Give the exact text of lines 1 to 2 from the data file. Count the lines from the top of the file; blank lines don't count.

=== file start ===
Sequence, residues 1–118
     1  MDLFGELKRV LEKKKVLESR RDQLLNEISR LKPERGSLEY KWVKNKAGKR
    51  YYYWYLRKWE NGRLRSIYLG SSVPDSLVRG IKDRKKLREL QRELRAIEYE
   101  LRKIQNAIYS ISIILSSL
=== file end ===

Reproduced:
Sequence, residues 1–118
     1  MDLFGELKRV LEKKKVLESR RDQLLNEISR LKPERGSLEY KWVKNKAGKR